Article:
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Challenges to the design of ethical algorithmsThe embedding of ethical principles in algorithmic decision-making would have its challenges, given the proprietary nature of algorithms and the need to safeguard privacy. Certain questions need to be asked before implementing an algorithmic decision-making system. Should the ethical assumptions in the algorithm be transparent and easy for users to identify? What about the development teams that create them – are they sufficiently diverse? Will people affected by these decisions have any influence over the system? Even if algorithms were made transparent, how could they be understood by multiple stakeholders of varying technical algorithmic literacy? Could ethical principles such as fairness and the right to privacy be encoded in the system and, if so, what should those principles be and who should decide upon their choice and weighting? Do our societies have universal, moral standards that can be codified? In response to a mounting number of news articles about the ethics of algorithms, various market solutions that offer ‘algorithmic accuracy, bias and fairness’ certification are starting to emerge, including the AI fairness toolkit, Audit-AI by Pymetrics, Facebook’s Fairness Flow and ORCAA. Recognition of the need to operationalise moral judgement for the development of autonomous vehicles and to integrate artificial moral agents that can manage complexity into new technologies has led to a series of algorithm design initiatives based on various ethical theories, such as one by the National Science Foundation. The emergence of artificial intelligence and advanced machine-learning may lead to self-driving cars being equipped with an ethical knob that could set key patterns of behaviour. IBM has meanwhile developed a new set of open-source software in order to help developers deal with black-box algorithms and understand how the artificial intelligence they use makes decisions.
What does developing ethical algorithms mean for European policy-making?When it comes to ethical impacts of algorithmic decision-making systems, there are as yet no established certification models and procedures that could expressly address ethical considerations, including bias and transparency, in the domain of algorithms. This is partially due to a lack of existing standards on these issues to certify against. Developing ethical principles and codes for algorithms means identifying the decision-making principles and norms and the allocation of roles and responsibilities of the decision system. The IEEE global initiative for ethical considerations in artificial intelligence and autonomous systems, the Toronto Declaration and Facebook’s Fairness Flow indicate the need to set socially oriented goals and benchmarks for the development of algorithms. Given, however, that algorithms are unstable objects of ethical scrutiny, their ethics could still be investigated via the use of algorithmic impact assessments, and ‘algorithmic audits’ may need to become a legal requirement when implementing any systems of this kind. These audits would address ethical questions, such as the legitimacy of the use of an algorithmic decision-making system in certain contexts (e.g. evidence-based sentencing or lethal weapons), and be performed by ethical committees, accreditation bodies and certification agencies. Their aim should be to evaluate the proposed uses of algorithmic decision-making in highly sensitive and/or safety-critical application domains and investigate suspected cases of rights violations in the frame of the same technological context. Moreover, these instruments could help system developers and decision-makers revisit some of their own assumptions of what an algorithm actually is, and explain decisions in areas such as credit, for instance. Interestingly, the requirement for data controllers to provide data subjects with ‘meaningful information about the logic involved’ in an automated decision-making process – introduced by the General Data Protection Regulation (GDPR) – may pave the way for the development of practical algorithmic ethics that address virtues, consequences and norms. Shedding light on the assumptions built into the algorithm or disclosing the code of the system or information about its logic demands a careful examination of the relevant rules concerning intellectual property rights that may set limits on accessibility. To conclude, EU policy-makers have a unique opportunity to lead the world in the ethical regulation of the digital revolution, by promoting the development of a general ethical framework governing the design, implementation and development of algorithms. These should remain under human oversight and control and be responsive to bias complaints and to the findings of reports on other undesired effects.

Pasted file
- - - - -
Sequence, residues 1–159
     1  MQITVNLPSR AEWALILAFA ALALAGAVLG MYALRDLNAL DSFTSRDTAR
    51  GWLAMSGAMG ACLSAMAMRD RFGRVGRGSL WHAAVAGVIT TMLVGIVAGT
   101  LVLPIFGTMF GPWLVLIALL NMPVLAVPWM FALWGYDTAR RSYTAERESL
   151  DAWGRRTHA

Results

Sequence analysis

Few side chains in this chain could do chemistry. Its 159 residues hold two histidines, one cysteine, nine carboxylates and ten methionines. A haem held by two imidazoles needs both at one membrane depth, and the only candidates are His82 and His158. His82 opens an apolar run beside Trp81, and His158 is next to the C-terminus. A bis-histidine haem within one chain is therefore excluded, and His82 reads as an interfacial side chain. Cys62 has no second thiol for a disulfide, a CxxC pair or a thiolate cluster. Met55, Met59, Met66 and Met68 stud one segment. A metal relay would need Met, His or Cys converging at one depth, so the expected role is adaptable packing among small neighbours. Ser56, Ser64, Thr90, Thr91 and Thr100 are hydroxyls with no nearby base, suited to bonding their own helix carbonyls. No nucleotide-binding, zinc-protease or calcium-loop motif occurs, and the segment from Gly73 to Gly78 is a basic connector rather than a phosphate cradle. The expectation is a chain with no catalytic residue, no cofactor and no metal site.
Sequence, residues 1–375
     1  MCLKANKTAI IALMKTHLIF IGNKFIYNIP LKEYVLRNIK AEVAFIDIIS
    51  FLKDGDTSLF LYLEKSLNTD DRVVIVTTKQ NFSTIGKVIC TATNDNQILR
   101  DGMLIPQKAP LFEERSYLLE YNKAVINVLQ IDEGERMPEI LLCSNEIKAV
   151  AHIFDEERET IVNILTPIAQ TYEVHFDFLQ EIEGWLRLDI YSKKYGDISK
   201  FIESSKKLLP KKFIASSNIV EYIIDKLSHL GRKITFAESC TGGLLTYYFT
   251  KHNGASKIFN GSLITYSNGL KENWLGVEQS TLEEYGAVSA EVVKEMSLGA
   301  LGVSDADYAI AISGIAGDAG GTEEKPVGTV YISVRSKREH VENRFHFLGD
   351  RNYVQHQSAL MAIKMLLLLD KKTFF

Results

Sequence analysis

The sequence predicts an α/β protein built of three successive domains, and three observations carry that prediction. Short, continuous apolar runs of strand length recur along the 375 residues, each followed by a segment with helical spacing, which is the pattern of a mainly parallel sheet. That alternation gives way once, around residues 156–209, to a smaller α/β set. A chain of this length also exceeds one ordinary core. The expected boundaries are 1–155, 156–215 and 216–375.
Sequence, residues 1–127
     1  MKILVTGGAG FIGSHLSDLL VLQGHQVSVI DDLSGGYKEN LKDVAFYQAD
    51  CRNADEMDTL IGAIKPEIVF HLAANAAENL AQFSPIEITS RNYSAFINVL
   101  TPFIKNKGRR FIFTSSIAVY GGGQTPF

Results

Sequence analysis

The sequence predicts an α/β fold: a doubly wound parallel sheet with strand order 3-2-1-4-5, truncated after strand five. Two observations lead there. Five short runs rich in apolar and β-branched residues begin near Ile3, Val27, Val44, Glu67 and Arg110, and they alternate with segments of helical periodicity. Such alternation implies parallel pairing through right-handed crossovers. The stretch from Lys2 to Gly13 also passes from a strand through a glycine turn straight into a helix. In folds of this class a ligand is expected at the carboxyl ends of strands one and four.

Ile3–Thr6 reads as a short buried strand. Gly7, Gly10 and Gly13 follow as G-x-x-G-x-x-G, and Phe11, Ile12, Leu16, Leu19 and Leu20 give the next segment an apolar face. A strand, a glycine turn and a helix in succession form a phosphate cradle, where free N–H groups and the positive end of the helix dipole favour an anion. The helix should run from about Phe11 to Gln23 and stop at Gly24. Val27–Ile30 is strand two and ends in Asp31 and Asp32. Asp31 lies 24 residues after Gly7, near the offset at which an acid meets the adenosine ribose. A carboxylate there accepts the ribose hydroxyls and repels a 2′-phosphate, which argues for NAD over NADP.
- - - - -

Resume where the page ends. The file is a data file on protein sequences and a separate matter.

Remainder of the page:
Read this At a glance on ‘What if algorithms could abide by ethical principles?‘ on the Think Tank pages of the European Parliament.